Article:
UK: Nuclear Decommissioning – Challenges Facing The NDA

Last Updated: 30 September 2005
Article by Mark Richards and Rebecca Harvey

On 11 August 2005, the Nuclear Decommissioning Authority ("NDA") published its first draft strategy for consultation (the "Draft Strategy"). The Draft Strategy outlines an ambitious programme for the decommissioning and clean up of the UK's civil nuclear sites, but one which faces considerable challenges.

The NDA came into operation in the UK on 01 April 2005. A non-departmental public body, established by the Energy Act 2004 to manage the UK's nuclear legacy, it has taken over responsibility for the operation, decommissioning and clean up of the UK's 20 civil nuclear sites.

In the months leading up to 01 April 2005 and subsequently there has been a significant rise in major commercial / corporate activity as those who want to participate in the UK nuclear decommissioning market position themselves. To cite just a few examples: the establishment of the British Nuclear Group (BNG) by BNFL; UKAEA tendering for partners to form an alliance to bid for the site management and operations contracts with the NDA (the "Tier 1" contracts as well as for partners at other levels of the supply chain; the acquisition by Amec of NNC; the proposed sale of Westinghouse; and clear indications from a number of major international suppliers and contractors of their interest and commitment.

Such activity is perhaps unremarkable against the backdrop of a marketplace where the estimated cost of the clean up of UK sites has already increased from an initial £48 billion to £56 billion. By its own admission, the NDA does not yet fully understand the scale of operations required to deal with the high hazard legacy facilities at Sellafield and Dounreay (its number one decommissioning priorities). Once the full extent and nature of those tasks are appreciated, the estimated cost will surely increase yet further.

The Draft Strategy

The Draft Strategy, published for consultation on 11 August 2005, addresses decommissioning, waste management, operations, competition and contracting, finance and socio-economic conditions. The consultation period expires on 11 November 2005. The NDA Board meets to approve the final Strategy on 15 December 2005, before submitting it to the Secretary of State and the Scottish Ministers on 23 December 2005.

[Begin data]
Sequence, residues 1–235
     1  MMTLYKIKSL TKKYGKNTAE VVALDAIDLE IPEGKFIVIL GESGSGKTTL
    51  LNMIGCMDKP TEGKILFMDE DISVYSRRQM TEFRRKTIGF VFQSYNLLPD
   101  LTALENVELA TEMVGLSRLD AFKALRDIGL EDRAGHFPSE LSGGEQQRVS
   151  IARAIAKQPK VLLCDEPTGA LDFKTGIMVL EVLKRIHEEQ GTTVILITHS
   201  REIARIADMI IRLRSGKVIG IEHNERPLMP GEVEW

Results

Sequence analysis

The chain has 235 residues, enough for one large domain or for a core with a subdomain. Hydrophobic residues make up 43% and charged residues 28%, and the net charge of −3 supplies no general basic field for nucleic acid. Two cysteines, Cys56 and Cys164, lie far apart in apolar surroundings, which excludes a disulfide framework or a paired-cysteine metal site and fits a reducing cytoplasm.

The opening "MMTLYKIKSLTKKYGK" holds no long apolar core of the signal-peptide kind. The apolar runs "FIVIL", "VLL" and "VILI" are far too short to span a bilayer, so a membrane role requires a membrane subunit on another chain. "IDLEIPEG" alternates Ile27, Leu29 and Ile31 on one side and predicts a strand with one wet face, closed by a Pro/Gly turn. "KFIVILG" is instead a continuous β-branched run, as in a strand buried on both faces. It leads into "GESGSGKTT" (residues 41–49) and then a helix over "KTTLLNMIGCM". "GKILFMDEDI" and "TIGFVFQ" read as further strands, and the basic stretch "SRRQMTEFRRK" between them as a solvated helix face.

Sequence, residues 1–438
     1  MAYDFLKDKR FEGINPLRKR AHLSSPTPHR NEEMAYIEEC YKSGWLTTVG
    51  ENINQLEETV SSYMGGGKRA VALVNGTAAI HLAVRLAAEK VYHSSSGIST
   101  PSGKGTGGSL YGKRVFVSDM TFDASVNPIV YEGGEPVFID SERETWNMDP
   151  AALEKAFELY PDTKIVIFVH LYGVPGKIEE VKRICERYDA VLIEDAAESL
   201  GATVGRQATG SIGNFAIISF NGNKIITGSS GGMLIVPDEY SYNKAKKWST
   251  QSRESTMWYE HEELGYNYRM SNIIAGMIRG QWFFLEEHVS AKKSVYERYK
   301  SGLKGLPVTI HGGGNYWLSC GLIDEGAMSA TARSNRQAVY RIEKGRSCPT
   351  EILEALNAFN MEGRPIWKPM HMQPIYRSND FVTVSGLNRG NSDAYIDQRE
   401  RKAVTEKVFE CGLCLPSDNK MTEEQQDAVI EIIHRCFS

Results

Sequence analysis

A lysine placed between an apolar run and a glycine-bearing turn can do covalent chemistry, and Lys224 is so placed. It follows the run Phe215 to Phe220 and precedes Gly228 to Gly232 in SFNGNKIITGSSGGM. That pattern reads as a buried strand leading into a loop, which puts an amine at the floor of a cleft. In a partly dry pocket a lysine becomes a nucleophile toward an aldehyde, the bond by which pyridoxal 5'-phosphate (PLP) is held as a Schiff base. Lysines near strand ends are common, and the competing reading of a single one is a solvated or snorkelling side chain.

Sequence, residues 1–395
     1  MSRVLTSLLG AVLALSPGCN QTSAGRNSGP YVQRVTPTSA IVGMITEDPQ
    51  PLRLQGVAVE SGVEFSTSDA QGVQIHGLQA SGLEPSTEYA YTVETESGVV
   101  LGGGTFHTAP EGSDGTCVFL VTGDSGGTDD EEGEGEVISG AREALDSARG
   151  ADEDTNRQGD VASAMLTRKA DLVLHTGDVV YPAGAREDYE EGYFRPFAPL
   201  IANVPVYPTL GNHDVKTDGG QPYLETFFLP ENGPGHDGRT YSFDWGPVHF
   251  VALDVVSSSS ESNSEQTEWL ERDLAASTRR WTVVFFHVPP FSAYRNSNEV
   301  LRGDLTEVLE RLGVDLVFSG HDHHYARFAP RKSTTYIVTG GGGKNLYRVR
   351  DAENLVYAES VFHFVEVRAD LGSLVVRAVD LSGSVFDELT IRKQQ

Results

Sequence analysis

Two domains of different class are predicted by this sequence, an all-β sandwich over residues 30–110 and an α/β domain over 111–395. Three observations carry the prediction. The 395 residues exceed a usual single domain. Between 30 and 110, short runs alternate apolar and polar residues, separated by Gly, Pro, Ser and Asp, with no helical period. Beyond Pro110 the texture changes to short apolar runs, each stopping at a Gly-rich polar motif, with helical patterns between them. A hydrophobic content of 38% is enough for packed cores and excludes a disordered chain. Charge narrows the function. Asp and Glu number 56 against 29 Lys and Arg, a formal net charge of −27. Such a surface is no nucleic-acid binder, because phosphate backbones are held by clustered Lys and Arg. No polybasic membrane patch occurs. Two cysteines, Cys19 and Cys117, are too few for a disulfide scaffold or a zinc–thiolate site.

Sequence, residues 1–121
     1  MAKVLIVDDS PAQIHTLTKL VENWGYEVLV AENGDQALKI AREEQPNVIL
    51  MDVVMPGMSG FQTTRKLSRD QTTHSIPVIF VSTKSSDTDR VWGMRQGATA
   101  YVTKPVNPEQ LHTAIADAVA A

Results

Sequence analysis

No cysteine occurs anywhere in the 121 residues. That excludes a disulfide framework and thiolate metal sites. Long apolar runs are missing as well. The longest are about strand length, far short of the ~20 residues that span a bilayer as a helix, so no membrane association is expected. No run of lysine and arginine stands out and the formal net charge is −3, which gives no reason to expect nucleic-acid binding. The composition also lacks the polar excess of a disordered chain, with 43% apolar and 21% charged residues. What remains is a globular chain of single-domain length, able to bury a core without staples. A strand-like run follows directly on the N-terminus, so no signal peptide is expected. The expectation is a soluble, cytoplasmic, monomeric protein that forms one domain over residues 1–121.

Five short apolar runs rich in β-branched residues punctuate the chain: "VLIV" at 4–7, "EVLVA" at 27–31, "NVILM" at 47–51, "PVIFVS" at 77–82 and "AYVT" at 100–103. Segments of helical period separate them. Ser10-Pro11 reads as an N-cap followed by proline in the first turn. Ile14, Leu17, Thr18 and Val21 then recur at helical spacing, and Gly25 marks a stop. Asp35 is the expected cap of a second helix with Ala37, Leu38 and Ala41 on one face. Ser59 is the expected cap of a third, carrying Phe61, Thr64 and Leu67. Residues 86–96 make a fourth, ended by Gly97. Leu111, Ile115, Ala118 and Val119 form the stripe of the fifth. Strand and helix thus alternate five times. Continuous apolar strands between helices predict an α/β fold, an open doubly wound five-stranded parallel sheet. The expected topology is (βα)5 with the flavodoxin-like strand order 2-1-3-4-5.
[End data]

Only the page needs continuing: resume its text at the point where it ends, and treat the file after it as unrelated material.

Perhaps the first, and rather obvious observation to make is that the period between 11 November and 15 December does not allow much time for the NDA to digest and discuss the responses it receives on its Draft Strategy.

The first challenge – creating a commercial climate for effective competition

Having excited the market, the NDA now has to deliver on its statutory duties and none more so than the promotion of effective competition for contracts.

The contracts which are to be competed by the NDA are the Tier 1, site management and operations contracts. Bidders will compete for the right to become the parent company of the "Site Licensee Company" (i.e. the licence holder at each site, all of which are currently owned by BNG or UKAEA) (the "SLCs") and thereby to take over the management of the SLC and the operation of the relevant site.

In its short life to date the limitations of the financial arrangements which underpin the ability of the NDA to operate effectively have already become apparent. It is seemingly bound by a straightjacket, the ties of which comprise:

  • the unattractiveness of prospective multi £million unsecured bid costs for Tier 1 contracts to manage and operate the SLCs for short term contracts of circa five years for a fee of 4% if the performance indicators are met;
  • a contract structure that provides little financial security for the supply chain who are therefore unlikely to accept the flow-down of significant financial risk from the SLCs;
  • the ability of the Tier 1 contractors to manage the SLCs is rightly subject to the requirements of the regulators but now also by the desire of the NDA to micro-manage certain processes (see, for example, CT15 – Sub-Contracting/Procurement), but where NDA are significantly short of resources to do so; and
  • uncertainty over the income stream of the NDA.

The NDA is funded from three sources: (1) Government, (2) commercial activities and (3) funds equivalent to those transferred from BNFL's Nuclear Liabilities Investment Portfolio (NLIP). In the current year (2005/06) the total funding is £2.262 billion of which the amounts are respectively £503 million, £675 million and £1084 million.1 It is envisaged by the Draft Strategy that the funding will remain at around £2 billion per annum until 2008. However, the limitations of the funding arrangements are increasingly clear including:

  • the uncertainty over the future of the Thermal Oxide Reprocessing Plant (THORP) and the Mox (Mixed Oxide) Plant at Sellafield have significant impacts on income from commercial activities;